The NHL had allowed its players to participate in the past five Olympics dating to 1998, giving the Winter Games pro-level star power akin to the NBA players who participate in the Summer Olympics to showcase the league and the sport.

Writer: Thomas J. Ryan

For the first time since 1994, NHL players will not attend the Winter Olympics.

The NHL had allowed its players to participate in the past five Olympics dating to 1998, giving the Winter Games pro-level star power akin to the NBA players who participate in the Summer Olympics to showcase the league and the sport.

But in a statement, the NHL said the majority of owners were against sending their players to the 2018 Winter Olympics in Pyeongchang, South Korea because they didn’t want the disruption of a three-week break in their season or the injury risk. The owners also wanted more compensation for letting their players play, but the league said no meaningful dialogue had emerged in talks with the National Hockey League Players’ Association (NHLPA), International Olympic Committee (IOC) and International Ice Hockey Federation (IIHF).

The NHL has not ruled out participating in the 2022 Olympics in Beijing, though the IIHF and IOC had indicated that could be conditional on the NHL going to South Korea.

The NHL’s statement read, “We have previously made clear that while the overwhelming majority of our clubs are adamantly opposed to disrupting the 2017-18 NHL season for purposes of accommodating Olympic participation by some NHL players, we were open to hearing from any of the other parties who might have an interest in the issue (e.g., the IOC, the IIHF, the NHLPA, etc.) as to reasons the Board of Governors might be interested in re-evaluating their strongly held views on the subject. A number of months have now passed and no meaningful dialogue has materialized. Instead, the IOC has now expressed the position that the NHL’s participation in Beijing in 2022 is conditioned on our participation in South Korea in 2018. And the NHLPA has now publicly confirmed that it has no interest or intention of engaging in any discussion that might make Olympic participation more attractive to the clubs. As a result, and in an effort to create clarity among conflicting reports and erroneous speculation, this will confirm our intention to proceed with finalizing our 2017-18 regular season schedule without any break to accommodate the Olympic Winter Games. We now consider the matter officially closed.”

A sticking point was that the IOC was resisting payment on out-of-pocket costs for NHL players to attend, a subsidy that had been covered over the previous five Games. The IIHF stepped in to cover those costs instead, but that concession did not satisfy the league.  For the 2014 Olympics in Sochi, the IOC agreed to pay for players’ insurance, travel and housing costs amounting to around $14 million, according to Sportsnet. The owners argued that they deserve a portion of the revenue that the IOC receives from the tournament.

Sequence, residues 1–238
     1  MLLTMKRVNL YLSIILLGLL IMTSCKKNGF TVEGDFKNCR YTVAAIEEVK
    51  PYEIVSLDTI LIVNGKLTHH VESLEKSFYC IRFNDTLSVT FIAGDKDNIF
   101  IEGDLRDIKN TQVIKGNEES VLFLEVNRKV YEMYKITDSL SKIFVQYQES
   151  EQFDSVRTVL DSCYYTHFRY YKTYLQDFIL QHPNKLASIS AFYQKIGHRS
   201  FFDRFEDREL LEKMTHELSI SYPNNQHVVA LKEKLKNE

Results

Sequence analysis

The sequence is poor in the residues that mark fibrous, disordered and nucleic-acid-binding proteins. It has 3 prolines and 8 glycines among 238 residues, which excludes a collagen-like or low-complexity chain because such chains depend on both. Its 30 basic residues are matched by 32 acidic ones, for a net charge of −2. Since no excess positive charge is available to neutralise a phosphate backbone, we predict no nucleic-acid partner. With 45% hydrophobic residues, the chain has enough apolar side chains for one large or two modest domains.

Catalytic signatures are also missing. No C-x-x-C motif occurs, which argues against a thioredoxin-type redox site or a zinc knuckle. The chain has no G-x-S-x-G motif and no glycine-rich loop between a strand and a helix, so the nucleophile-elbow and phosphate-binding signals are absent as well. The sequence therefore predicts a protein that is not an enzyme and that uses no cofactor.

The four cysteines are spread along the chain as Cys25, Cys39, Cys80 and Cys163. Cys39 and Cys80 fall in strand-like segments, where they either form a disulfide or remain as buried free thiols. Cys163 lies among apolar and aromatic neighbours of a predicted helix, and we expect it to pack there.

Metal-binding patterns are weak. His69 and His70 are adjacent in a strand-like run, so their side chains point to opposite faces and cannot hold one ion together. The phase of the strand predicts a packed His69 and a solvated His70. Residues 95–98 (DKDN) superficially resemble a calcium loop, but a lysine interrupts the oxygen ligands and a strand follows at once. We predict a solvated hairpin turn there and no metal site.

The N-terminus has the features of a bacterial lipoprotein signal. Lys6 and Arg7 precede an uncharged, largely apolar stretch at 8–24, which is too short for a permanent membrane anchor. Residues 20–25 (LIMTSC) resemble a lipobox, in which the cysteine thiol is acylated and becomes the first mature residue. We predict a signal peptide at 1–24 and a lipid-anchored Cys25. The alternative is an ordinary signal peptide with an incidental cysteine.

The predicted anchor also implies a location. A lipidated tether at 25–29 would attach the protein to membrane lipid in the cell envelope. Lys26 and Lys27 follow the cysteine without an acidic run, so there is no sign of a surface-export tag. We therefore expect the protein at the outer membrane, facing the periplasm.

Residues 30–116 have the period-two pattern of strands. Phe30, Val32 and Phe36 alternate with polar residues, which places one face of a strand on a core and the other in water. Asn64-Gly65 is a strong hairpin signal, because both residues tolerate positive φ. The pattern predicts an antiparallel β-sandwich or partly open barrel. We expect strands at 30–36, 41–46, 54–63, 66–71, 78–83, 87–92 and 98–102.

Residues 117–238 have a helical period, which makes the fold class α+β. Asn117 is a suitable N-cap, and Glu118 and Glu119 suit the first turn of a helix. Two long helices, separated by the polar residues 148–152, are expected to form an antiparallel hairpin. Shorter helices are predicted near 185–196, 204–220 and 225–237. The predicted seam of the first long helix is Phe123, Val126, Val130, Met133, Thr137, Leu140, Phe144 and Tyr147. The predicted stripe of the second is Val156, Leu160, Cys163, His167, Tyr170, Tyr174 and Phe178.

Other factors in the decision included the resulting compressed schedule as well as player fatigue. One challenge for the 2018 games was the 13-hour difference from Pyeongchang to Eastern time. The NHL was also looking for marketing opportunities tied to the Games. The IOC won’t allow the NHL to highlight or promote its presence at the Games.

Internally, the NHL league had proposed that the NHLPA extend the current collective bargaining agreement as a part of package for players to attend in 2018 but the union turned down the deal.

Responding to the NHL’s decision, the IOC particularly called out the disappointment of players who relish chasing gold medals for their home country.

The IOC’s statement read, “This must be a huge disappointment for the players who definitely wanted to play at the Olympic Winter Games Pyeongchang 2018. The IOC feels very sorry for the athletes. The decision is even more regrettable, as the International Ice Hockey Federation (IIHF) had offered the same conditions to the NHL as at previous Olympic Games, where the insurance and travel costs were covered. The IOC, which distributes 90 per cent of its revenue for the development of sport in the world, obviously cannot treat a national commercial league better than not-for-profit International Sports Federations which are developing sport globally. The ice hockey tournament at the Olympic Winter Games PyeongChang 2018 will nonetheless be a very exciting one, because the players from all the other professional ice hockey leagues will participate, and will be very much welcomed by their Olympic teams.”

The IIHF’s statement pointed to the loss for fans of the sport.